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“Don’t Stop Thinking About Tomorrow”

December 29, 2017

Forty years ago in 1977, rock music was beginning to change. Likewise my life was changing. I began the year at Fidelity Union Trust Co. in a do-nothing job, but by the middle of the year I was a securities analyst providing buy and sell recommendations for the investment advisers to the bank’s trust and pension funds. My personal life was improving too. My distance relationship had become more settled at least for a time, and I started to interact more with friends in New York.

Changes in 1977 in rock music were mostly for the better, but rock still was playing second fiddle to conventional pop songs and disco in popularity. In fact, not one of the top twenty most popular songs of the year could be classified as a harder rock song.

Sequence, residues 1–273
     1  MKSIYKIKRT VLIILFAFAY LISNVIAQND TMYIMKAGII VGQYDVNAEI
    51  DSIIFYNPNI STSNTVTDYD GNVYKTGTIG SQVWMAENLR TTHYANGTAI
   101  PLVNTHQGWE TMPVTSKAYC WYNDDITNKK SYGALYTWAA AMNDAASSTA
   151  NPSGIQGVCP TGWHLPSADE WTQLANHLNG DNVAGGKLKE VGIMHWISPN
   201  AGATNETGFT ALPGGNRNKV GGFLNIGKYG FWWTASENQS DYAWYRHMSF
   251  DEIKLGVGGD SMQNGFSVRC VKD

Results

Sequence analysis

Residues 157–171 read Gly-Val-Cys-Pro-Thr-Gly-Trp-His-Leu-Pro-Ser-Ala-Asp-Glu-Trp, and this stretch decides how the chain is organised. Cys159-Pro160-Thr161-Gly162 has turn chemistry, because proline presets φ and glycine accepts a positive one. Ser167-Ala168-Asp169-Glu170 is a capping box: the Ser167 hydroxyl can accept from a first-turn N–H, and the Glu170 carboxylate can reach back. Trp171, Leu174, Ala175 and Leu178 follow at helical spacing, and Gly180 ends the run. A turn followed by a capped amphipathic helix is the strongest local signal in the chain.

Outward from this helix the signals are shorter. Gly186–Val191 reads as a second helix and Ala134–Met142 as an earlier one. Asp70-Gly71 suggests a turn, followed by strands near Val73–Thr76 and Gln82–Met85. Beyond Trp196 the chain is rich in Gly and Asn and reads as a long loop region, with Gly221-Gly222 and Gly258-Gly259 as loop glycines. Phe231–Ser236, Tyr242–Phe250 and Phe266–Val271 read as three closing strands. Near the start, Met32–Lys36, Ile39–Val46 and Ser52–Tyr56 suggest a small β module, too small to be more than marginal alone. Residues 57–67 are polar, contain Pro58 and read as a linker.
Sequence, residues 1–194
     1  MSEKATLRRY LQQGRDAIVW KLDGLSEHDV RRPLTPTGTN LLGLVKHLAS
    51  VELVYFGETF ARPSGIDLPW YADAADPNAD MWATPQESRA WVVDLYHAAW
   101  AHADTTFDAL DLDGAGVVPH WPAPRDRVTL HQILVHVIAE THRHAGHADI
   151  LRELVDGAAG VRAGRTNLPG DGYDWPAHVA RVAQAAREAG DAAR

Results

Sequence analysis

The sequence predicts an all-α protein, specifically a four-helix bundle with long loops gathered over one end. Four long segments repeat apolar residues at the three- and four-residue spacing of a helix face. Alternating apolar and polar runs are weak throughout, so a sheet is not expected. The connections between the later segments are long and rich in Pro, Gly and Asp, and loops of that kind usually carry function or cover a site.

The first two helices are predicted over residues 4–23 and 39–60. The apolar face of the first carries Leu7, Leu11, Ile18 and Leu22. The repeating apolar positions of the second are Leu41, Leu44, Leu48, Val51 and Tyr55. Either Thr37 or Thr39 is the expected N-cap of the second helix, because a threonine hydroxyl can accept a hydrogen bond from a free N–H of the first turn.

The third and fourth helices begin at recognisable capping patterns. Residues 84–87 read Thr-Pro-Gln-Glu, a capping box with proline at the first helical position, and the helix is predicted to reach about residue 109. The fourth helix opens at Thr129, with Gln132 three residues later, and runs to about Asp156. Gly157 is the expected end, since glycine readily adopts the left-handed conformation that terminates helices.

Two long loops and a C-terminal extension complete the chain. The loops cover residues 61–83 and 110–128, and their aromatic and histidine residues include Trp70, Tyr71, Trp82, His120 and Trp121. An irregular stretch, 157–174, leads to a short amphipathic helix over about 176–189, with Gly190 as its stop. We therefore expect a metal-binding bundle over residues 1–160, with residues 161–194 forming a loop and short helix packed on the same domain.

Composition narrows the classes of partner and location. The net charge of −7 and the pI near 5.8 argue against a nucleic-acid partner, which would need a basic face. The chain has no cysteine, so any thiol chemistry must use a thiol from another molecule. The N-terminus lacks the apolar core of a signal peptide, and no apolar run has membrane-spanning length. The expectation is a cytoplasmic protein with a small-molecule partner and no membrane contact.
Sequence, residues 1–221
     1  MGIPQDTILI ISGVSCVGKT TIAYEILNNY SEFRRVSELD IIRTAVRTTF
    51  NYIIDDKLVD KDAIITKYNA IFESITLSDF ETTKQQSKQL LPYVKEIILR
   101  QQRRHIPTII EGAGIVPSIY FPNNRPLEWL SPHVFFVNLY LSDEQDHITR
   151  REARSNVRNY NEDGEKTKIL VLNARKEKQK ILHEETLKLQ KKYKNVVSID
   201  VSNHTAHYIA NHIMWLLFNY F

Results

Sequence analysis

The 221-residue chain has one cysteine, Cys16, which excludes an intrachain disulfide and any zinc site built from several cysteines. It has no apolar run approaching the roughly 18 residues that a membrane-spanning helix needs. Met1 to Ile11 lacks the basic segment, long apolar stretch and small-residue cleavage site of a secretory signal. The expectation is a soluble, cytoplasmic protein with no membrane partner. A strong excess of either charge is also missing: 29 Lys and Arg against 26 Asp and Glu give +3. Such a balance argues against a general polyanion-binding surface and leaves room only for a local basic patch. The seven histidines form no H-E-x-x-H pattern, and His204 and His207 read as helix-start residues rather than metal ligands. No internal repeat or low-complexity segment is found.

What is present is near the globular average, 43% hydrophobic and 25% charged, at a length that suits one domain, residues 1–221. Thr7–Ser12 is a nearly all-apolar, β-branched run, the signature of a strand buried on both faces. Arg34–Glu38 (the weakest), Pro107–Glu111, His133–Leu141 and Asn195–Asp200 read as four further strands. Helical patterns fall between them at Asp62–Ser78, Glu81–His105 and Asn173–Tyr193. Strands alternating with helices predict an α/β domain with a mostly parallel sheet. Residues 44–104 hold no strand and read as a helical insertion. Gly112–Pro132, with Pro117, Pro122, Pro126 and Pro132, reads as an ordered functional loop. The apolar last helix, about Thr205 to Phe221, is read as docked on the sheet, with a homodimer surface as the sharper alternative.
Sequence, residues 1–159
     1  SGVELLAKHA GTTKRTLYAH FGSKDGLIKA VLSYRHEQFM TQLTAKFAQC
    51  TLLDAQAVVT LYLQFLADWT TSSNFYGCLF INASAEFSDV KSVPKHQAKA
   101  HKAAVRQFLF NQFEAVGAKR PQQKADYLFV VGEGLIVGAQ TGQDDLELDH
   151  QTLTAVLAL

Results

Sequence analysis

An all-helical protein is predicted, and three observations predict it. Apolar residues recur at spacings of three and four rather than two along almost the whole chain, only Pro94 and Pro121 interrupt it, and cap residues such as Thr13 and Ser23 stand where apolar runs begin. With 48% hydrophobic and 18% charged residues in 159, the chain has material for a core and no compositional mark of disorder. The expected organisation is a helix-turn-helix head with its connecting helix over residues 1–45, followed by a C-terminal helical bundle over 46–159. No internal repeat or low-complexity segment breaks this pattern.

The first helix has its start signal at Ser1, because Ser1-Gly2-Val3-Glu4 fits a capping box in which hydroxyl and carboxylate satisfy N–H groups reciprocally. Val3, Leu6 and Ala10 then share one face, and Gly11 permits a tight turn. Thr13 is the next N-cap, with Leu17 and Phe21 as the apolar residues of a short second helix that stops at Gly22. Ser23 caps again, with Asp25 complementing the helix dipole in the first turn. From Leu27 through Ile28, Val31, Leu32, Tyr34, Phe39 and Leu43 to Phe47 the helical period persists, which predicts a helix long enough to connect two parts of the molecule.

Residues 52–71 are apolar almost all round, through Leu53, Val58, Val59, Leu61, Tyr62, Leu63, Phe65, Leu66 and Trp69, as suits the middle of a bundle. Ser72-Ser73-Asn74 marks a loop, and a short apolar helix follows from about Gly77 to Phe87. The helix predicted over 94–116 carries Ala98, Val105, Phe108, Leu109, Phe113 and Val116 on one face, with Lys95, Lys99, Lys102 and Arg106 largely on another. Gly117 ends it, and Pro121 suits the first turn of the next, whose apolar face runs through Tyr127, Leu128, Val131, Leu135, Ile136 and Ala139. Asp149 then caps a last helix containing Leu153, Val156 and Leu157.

Major British Artists “Missing in Action”

In 1977, most of the major British “classic” rock artists did not record any new material. The Rolling Stones had no top 40 singles for the first time since 1963 and no new studio albums either. The Who, Led Zeppelin and the Moody Blues recorded no new material either. Pink Floyd did have a reasonably good, new album Animals (loosely based on George Orwell’s “Animal Farm”) but it paled in comparison to the group’s previous two albums – the outstanding Wish You Were Here and Dark Side of the Moon.

Individual British artists fared no better with Elton John, John Lennon, George Harrison and Paul McCartney with no new studio albums. The lone positive note was McCartney and Wings release of its excellent live album “Wings over America” which included the release of one of my favorite songs  “Maybe I’m Amazed (live)” as a single. The album was also unique in that it was the first “live-concert” album from any of the four Beatles and included several Beatles tunes performed by McCartney.

While American rock artists were generally more active than the Brits, there was another year of no new Bruce Springsteen records (owing to his contract dispute) and the king of rock n’ roll,  Elvis Presley died 8/16/1977 at only 42 years of age.

Best Rock Albums